Not silly at all. Your thoughts and feelings about it aren't silly and sharing it on OOTS is not silly. I am enjoying the fellowship of this discussion.

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Blueberry

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I finally watched the 1975 film on YouTube last night and I loved it! I also came away with all sorts of motivation to do stuff today. I was either going to go on a hike OR do a massive clean-up/clear-up in my apartment. I did neither. Just lay around dozing and sleeping. A bit like Colin himself, except I haven't been writhing around screaming.

I loved that they had a real robin in the film. When Mary, Colin, Dickon and Ben Weatherstaff were singing together at the end, that brought tears to my eyes because I know how wonderful singing in a group can be. (But I haven't done any step towards singing myself in months.)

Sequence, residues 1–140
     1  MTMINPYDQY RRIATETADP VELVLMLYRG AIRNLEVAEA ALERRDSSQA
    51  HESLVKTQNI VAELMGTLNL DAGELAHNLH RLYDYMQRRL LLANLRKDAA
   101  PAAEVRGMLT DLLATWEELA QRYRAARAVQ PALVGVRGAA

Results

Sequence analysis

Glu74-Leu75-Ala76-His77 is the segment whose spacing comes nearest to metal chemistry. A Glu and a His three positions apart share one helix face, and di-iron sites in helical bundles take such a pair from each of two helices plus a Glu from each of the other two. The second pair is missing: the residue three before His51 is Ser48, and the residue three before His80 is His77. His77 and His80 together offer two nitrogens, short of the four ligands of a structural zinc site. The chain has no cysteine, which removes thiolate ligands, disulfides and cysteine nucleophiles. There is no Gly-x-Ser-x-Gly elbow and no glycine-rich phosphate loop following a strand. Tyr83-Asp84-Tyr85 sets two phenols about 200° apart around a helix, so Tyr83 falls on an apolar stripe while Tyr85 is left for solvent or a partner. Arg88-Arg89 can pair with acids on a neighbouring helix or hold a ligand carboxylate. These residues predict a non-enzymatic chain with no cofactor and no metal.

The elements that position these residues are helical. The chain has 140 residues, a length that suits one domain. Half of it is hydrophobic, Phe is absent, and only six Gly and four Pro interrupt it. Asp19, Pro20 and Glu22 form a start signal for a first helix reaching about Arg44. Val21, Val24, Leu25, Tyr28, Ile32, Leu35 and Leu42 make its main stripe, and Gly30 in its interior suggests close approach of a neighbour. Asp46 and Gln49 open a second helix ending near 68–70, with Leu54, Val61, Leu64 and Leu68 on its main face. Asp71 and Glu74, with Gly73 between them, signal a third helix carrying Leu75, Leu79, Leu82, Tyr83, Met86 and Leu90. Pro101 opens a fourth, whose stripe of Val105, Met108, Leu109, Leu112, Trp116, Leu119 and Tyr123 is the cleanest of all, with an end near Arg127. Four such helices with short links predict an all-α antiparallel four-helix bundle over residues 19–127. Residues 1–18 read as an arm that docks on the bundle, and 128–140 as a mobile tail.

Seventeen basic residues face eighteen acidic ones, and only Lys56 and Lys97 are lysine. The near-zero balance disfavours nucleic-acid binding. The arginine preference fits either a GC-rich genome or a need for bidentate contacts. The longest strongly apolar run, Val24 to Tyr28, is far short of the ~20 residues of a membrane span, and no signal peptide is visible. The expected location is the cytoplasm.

Like you Hope, I find it humorous in the book when the mother robin is comparing her Eggs and young chicks to the children on the ground.

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Hope67

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Hi Tee - I've only just seen your reply here - and thanks to you for sharing your thoughts.   :hug:

Hi Notalone - I hope to look at the u tube link soon, thanks for sharing it.  Thanks also for saying that you don't think it's silly to discuss these things.  I must have been affected by an inner critic to have thought that, and thankfully today, I don't feel it's silly at all - I am so grateful to everyone that we can talk about these things, and this wonderful book.   :hug: